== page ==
BZDs were administered close to delivery,
the neonates frequently presented
with floppy infant syndrome, which is
characterized by muscular hypotonia,
hypothermia, lethargy, respiratory problems,
and feeding difficulties. Although some investigators claim that infants
recover without long-lasting effects, it
is speculated that these effects cause
some types of neurocognitive developmental
Although it is difficult to ascribe
these effects to BZD action on the brain
or to sudden deprivation, NWS symptoms
after exposure have been well
documented for a variety of BZDs.25,26
NWS symptoms included low Apgar
scores, hypertonia, irritability, abnormal
sleep patterns, constant crying,
tremors, myoclonus, bradycardia,
cyanosis, suckling difficulties, apnea,
feeding aspirations, diarrhea, vomiting, and growth retardation.
Both pharmacologic effects and
NWS can be present at the same time,
making the clinical picture more bizarre.
The frequency and severity of NWS can
be related to the pharmacokinetic profile
of the particular BZD. Diazepam is longacting
and has a long half-life27; a longer
half-life can be associated with a prolonged
effect of the drug in the newborn,
whereas a shorter half-life can, more
frequently, be associated with deprivation
It has been hypothesized that there
is a relationship between long-term
effects of BZD and brain development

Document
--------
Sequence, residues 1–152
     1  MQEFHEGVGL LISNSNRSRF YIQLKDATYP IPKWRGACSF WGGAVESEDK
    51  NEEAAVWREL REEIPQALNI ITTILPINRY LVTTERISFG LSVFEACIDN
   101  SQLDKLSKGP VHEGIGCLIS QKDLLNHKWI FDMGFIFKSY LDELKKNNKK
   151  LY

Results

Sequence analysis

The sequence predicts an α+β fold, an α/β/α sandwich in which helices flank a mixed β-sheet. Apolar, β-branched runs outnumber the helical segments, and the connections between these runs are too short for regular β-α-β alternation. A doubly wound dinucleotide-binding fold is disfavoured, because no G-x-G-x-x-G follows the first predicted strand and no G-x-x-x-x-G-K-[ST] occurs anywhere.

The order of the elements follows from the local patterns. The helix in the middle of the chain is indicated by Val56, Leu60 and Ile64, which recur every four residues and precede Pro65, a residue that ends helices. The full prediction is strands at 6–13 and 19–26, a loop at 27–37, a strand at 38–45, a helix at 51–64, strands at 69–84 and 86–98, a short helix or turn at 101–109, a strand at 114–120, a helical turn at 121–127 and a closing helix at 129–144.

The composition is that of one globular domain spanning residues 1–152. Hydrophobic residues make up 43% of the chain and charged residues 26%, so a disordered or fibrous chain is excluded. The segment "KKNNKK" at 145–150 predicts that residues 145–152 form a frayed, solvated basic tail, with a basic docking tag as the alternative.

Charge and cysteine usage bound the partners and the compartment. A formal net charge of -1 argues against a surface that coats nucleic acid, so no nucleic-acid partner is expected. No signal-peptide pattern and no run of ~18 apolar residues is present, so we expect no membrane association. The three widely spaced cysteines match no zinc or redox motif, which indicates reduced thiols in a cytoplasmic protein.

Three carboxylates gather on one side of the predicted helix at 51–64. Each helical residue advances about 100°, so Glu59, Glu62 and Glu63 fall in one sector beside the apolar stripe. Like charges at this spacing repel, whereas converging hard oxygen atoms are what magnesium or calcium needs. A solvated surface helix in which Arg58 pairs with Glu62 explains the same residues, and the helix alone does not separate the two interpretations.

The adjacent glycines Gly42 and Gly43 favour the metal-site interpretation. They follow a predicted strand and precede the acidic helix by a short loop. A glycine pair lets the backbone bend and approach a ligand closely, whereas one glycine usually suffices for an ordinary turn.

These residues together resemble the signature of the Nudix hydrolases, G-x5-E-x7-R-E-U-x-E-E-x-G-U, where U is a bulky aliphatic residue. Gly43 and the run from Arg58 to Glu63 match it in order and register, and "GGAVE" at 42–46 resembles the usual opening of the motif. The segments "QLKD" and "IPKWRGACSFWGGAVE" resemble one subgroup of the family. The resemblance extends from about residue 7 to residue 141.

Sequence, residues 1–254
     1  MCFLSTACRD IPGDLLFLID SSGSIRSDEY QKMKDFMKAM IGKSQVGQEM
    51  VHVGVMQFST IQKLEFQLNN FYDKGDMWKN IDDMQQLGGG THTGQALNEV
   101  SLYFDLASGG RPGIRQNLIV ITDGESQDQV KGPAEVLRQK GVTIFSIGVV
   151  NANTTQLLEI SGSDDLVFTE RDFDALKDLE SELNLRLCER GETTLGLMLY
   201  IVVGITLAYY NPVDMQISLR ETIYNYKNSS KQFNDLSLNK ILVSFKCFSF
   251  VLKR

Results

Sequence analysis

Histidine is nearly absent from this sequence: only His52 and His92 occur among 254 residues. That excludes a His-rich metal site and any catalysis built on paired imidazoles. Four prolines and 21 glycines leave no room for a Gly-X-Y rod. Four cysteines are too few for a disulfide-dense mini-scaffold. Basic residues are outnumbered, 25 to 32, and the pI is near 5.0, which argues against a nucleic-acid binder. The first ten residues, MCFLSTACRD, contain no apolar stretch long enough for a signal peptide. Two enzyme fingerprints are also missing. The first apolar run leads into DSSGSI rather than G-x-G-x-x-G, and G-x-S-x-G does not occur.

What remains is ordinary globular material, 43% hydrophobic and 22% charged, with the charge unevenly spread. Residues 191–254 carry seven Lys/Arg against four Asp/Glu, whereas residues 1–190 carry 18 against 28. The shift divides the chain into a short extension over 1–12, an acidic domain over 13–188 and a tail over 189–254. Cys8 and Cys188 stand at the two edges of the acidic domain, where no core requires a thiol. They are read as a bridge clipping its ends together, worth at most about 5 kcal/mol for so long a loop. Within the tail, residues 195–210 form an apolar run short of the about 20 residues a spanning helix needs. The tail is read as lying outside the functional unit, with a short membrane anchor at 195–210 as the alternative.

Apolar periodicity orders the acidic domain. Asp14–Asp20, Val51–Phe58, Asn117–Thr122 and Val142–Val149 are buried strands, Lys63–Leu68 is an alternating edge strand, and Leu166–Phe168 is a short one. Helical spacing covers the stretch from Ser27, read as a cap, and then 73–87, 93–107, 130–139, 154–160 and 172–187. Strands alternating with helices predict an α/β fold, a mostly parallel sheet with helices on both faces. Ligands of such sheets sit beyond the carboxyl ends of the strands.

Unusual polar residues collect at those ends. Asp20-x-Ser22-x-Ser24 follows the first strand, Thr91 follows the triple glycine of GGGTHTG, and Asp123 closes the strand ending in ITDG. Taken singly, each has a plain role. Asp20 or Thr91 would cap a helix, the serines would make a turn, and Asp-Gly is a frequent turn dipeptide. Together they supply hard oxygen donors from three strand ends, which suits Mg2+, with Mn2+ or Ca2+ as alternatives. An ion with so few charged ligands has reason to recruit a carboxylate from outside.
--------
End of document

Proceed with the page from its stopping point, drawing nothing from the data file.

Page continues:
involving neurocognitive function. The
topic is highly controversial, but studies
have only been conducted in animal
models, which showed that BZD exposure
produced immediate and long-lasting
effects. Rats prenatally exposed to
diazepam had significant deficits in
acquisition and retention of spatial
discrimination tasks.28 Another investigated
substance, alprazolam, given
prenatally to mice29 and rats30 produced
significant increases in anxiety in
offspring that were tested as either juveniles
or adults. These long-lasting effects
may be related to the desensitization of
the γ-aminobutyric acid (GABA) receptor. A recent study showed that male
rats exposed to BZD had behavioral
deficits and were hypersensitive to pentylenetetrazol,
a GABA antagonist.31
This effect seemed to be less pronounced
in female rats, but the gender differences
have to be more thoroughly explored.